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Up to now, I believed that k-dimensional normal distribution has probability function: $\frac{1}{\sqrt{(2 \pi)^k |\Sigma|}}e^{-\frac{(x-\mu)^T\Sigma^{-1}(x-\mu)}{2}}$

Recently I have read an article http://image.ntua.gr/iva/research/agm/. I've created my own implementation of EM described in that article. However, I was confused about different results. I've found that authors of article have normal distribution probability function defined as: $\frac{1}{\sigma^k}e^{-\frac{||x-\mu||^2}{2 \sigma^2}}$

Yes, one thing is that they do not consider axis sizes / rotations, so their covariance matrix reduces to $\sigma^2 I$. But, what about that $\frac{1}{\sigma^k}$ factor, why there isn't $\frac{1}{\sqrt{(2 \pi)^k \sigma^2}}$? I can't understand to this.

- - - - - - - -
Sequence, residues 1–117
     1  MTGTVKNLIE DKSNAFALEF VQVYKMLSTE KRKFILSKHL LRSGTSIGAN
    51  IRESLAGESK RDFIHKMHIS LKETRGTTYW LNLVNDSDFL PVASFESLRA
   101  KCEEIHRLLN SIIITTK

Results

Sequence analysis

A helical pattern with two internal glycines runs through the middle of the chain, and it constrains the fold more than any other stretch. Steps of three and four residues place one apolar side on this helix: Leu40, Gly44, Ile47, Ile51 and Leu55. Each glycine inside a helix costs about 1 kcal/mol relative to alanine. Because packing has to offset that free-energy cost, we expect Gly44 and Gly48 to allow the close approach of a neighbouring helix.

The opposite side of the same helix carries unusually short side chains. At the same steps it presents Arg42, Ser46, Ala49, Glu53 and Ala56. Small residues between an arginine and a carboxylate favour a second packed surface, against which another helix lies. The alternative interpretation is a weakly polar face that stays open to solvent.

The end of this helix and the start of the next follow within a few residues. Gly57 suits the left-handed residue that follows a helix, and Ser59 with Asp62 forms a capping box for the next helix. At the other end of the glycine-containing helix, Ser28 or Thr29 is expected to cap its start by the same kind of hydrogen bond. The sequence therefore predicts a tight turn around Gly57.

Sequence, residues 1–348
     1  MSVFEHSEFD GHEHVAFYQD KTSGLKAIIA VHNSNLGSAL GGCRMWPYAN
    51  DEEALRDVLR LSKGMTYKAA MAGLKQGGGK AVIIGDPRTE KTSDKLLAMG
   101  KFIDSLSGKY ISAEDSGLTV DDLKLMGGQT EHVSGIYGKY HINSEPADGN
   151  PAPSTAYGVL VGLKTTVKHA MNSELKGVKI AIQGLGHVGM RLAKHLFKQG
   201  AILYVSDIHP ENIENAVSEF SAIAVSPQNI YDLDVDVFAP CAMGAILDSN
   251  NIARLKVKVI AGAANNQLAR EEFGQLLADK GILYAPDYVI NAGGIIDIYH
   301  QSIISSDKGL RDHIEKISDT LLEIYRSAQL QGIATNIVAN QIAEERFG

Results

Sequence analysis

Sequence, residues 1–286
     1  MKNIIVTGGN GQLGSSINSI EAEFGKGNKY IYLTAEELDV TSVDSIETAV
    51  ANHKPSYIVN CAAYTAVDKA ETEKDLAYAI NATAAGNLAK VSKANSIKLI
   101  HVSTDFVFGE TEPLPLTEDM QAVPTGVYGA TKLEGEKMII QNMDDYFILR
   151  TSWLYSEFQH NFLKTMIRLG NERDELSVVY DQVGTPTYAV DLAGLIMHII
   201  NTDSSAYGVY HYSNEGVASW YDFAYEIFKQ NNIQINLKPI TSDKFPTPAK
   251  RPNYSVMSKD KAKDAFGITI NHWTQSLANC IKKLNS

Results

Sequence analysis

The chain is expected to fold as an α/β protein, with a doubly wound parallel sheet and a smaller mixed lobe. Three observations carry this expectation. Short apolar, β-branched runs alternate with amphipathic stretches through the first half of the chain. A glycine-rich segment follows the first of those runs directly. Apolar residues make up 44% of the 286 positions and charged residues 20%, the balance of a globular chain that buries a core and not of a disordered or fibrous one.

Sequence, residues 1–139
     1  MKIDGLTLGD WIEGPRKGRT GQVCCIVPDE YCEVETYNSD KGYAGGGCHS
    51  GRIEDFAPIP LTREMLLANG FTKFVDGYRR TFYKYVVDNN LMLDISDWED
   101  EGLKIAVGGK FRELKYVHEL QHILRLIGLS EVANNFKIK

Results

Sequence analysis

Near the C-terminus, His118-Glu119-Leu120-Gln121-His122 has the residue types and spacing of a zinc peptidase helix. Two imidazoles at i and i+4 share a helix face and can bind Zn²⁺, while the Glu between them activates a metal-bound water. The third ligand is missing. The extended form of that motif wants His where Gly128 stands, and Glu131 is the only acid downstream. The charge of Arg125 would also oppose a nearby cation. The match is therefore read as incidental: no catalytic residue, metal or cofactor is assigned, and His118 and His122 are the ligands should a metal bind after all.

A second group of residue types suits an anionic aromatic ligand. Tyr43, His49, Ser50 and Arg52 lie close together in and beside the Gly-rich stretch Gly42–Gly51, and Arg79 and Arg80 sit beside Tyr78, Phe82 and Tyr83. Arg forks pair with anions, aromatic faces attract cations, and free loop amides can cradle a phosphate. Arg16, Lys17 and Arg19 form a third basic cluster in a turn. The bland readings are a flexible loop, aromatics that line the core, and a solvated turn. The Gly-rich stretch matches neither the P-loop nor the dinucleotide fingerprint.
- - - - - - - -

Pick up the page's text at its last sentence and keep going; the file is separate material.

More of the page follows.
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  • $\begingroup$ In general, if $A$ is an $n\times n$ matrix and $\alpha$ is a scalar, then $|\alpha A|=\alpha^n |A|$. $\endgroup$ – Stefan Hansen Mar 17 '14 at 14:20
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Note that if the covariance matrix is assumed to be $ \sigma^2 I$, the determinant $|\Sigma|$ indeed reduces to $\sigma^k$. As for the $\sqrt{2\pi^k}$ factor, my best guess would be that it's dropped from likelihood maximization procedures to simplify computations. This term is constant w.r.t. distribution parameters and therefore has no effect on likelihood value. The first formula you provided is correct.

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  • $\begingroup$ Thank you very much for explanation $\endgroup$ – Michal Mar 17 '14 at 14:28

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